The first step for advisors could be to take stock of their value proposition and what separates them from other advisors. For instance, some advisors might have intimate knowledge of the financial needs of certain professionals (e.g., doctors or dentists), while other advisors might have expertise in advanced retirement income planning strategies. Advisors can also ask clients what they value most in the relationship (which might not match the advisor’s list!), whether directly or through surveys. Once they are armed with the knowledge of the value they provide and what their clients seek from the relationship, it is important for advisors to regularly reinforce this value through clients with specific details. For example, an advisor could show how much the client saved in taxes thanks to the advisor’s tax strategy (and explaining the process the advisor used to do so!), or how the client’s asset allocation prevented them from feeling the full force of a market downturn. By putting the value into numbers, clients can better understand the value they are receiving for their advisory fee.

In the end, advisors can help their retention and growth by better understanding what their clients are looking for in the relationship and communicating to the clients the value they have received. And given the costs of attracting new clients (and replacing those that have left), taking time to focus on how they are adding value to their clients can be a worthwhile investment for advisors!

(Mitch Anthony | Financial Advisor)

The COVID-19 pandemic has caused massive disruptions and has led many individuals to reconsider what they want out of life. Whether it is realizing that they prefer working from home, wanting to take a sabbatical, or perhaps thinking about retiring earlier than expected, the pandemic has led many to consider what they want to get out of life. And in this environment, advisors are well-positioned to help clients discover and lead their best lives.

When advisors think about a client’s AUM, their minds probably go immediately to a dollar amount. But a client’s assets go well beyond money, and Anthony suggests a new meaning of AUM: Aligning means with meaning; Understanding what makes the client unique; and Monitoring the life changes and transitions they are experiencing both now and moving forward. Thinking about clients in these terms (rather than the amount of financial assets they bring to the table) can help advisors better craft plans that will help clients live their best lives, thereby increasing the advisors’ value proposition.

Ultimately, the key point is that at a time when many clients are reexamining their life goals, advisors can be valued partners not only in helping them develop concrete plans, but also by ensuring that they are positioned financially to achieve them. Because while some clients might think of their advisor as merely a money manager, in reality, an advisor can play a much larger role in ensuring that clients are able to live their best lives (and being prepared to support them when their goals change!)

(Brad Wales | Advisor Perspectives)

Impostor syndrome – the internal fear that you are not as competent as others perceive you to be – is common throughout the professional world, and the business of financial advice is no exception. And given the stakes involved in financial planning (i.e., being put in charge of managing a client’s entire life savings) and the thousands of dollars clients pay for the service, some advisors might question whether they really have the expertise and skills needed to add significant value to their clients.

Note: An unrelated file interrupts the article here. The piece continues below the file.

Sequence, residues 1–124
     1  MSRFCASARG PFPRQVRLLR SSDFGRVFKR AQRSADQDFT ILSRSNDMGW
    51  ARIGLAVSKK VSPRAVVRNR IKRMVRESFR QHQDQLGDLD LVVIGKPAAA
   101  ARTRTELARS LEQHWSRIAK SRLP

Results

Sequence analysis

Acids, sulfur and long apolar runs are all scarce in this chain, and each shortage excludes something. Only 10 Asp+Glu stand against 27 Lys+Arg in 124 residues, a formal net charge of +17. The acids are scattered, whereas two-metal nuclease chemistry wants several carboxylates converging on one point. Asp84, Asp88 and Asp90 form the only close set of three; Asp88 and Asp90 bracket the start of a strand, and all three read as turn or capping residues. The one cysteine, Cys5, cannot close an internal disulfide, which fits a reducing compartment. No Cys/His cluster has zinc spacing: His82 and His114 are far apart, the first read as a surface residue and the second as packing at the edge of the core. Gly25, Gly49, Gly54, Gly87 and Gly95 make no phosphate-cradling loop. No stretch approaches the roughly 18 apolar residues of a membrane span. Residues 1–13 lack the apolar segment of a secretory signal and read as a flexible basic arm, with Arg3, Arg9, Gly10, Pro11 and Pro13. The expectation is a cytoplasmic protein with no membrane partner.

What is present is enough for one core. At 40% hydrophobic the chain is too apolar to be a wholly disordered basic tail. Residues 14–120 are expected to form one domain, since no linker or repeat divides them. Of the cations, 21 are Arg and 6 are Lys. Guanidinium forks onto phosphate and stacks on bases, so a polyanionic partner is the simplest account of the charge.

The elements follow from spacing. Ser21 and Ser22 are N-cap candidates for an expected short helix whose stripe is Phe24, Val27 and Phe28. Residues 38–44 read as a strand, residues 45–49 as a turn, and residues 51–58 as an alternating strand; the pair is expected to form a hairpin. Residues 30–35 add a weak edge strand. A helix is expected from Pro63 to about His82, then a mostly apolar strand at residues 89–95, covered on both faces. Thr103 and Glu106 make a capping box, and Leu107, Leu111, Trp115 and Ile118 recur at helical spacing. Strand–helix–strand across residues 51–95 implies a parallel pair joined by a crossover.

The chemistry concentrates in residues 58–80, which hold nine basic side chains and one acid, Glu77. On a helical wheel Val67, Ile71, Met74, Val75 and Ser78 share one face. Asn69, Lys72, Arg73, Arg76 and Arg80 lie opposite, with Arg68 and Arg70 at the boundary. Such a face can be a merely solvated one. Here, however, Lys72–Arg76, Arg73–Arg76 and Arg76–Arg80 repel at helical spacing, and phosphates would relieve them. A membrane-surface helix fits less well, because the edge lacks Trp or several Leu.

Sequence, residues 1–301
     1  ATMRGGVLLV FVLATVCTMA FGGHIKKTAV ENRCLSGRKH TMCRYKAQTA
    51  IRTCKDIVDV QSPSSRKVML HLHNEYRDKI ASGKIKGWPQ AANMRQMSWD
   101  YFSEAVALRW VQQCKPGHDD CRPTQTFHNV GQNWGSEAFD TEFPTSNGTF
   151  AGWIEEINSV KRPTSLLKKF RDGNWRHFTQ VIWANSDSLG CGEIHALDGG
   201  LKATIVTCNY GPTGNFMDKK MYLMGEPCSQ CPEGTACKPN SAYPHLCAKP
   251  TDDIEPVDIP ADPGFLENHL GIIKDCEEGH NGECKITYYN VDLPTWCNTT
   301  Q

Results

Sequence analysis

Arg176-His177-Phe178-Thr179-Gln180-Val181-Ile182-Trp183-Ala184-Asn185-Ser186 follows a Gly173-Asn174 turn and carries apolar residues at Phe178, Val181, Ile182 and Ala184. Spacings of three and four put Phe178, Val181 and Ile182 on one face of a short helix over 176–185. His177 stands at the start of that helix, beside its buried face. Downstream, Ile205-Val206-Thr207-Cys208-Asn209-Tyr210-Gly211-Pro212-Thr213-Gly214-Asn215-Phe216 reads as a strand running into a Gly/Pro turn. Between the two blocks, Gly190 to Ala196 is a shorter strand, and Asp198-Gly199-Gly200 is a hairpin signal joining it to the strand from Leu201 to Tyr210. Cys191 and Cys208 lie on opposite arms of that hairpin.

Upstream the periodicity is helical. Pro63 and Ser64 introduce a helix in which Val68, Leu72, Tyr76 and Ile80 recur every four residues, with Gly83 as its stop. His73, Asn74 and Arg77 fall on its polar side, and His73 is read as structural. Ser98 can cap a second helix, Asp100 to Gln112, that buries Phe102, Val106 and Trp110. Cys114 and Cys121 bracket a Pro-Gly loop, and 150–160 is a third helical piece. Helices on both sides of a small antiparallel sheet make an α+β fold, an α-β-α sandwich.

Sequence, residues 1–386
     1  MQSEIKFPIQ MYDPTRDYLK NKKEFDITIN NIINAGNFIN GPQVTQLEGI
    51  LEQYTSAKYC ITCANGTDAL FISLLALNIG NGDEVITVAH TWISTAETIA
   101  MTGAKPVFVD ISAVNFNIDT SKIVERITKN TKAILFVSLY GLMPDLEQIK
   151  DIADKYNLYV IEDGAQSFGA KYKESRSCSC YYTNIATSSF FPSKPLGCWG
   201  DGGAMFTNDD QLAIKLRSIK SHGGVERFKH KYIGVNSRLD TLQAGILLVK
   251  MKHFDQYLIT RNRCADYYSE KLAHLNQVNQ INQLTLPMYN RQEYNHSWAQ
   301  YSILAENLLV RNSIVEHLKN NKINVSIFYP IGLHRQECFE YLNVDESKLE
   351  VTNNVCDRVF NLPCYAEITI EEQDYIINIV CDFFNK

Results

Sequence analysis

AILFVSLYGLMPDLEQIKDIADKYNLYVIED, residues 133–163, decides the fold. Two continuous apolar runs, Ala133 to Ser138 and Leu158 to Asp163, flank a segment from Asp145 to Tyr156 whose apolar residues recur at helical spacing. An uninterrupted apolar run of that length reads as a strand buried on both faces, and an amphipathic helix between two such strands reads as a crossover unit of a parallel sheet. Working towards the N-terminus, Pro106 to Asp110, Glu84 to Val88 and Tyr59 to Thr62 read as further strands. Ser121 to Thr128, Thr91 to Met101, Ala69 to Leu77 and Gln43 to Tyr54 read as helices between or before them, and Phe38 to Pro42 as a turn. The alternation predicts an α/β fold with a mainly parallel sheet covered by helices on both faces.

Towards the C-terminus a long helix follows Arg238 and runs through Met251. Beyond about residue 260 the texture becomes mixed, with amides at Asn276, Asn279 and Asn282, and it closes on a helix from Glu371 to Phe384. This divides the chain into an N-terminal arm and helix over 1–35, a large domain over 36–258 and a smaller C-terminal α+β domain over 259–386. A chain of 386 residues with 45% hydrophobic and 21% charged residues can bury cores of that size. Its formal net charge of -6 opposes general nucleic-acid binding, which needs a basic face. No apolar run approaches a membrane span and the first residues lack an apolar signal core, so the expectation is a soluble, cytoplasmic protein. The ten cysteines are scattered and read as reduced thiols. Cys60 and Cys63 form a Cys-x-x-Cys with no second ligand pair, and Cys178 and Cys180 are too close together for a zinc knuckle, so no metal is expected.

But Wales suggests that in addition to technical expertise, an advisor brings value to the table in other areas. For example, over time advisors will build a network of affiliated professionals to recommend to clients. By knowing the best accountant or estate attorney for a client’s needs, an advisor can not only save their clients time on researching professionals in these fields, but also make it more likely they will receive a high level of service.

Further, advisors provide value to clients through their experience dealing with similar client situations. While a client might be facing a financial decision for the first time (e.g., considering how to manage equity compensation), an advisor will likely have worked on the same issue with previous clients and can offer advice based on real-world experience. This way of adding value is especially prevalent among advisors who serve client niches, as their experience in successfully helping similar clients navigate financial decisions can increase these advisors’ confidence in the value they are adding to clients.

The key point is that an advisor’s value extends well beyond portfolio balances to the broader array of financial issues a client will face over the course of their life. And by harnessing their experience and connections, an advisor can be more confident that they are not an ‘impostor’ but rather the qualified and skilled professional their clients deserve!

(Allan Roth | Advisor Perspectives)

Sequence of return risk – the idea that even if short-term volatility averages out into favorable long-term returns, that a retiree could still be in significant trouble if the bad returns come at the beginning of retirement – is always a concern for advisors creating plans for client retirement income. The recent market downturn has likely exacerbated these concerns, as clients question whether an extended bear market could sharply inhibit their retirement plans. This leaves advisors in the position of exploring different strategies to help mitigate sequence of return risk.

Often-used strategies for this risk include: creating a cash reserve (that covers the retiree’s expenses for long enough to allow the market to recover), income laddering (purchasing bonds or CDs that mature in years when the money is needed), dynamic spending rules (that prescribe higher or lower spending for clients depending on portfolio performance), reverse mortgages (that allow retirees to tap the equity in their house rather than selling investment assets that have declined in value), and annuities (that can provide a steady stream of income without regard to market performance). But Roth believes each of these strategies has significant downsides; for example, the return on a cash reserve is likely to trail inflation and long-term equity market growth, while reverse mortgages can be an expensive source of income.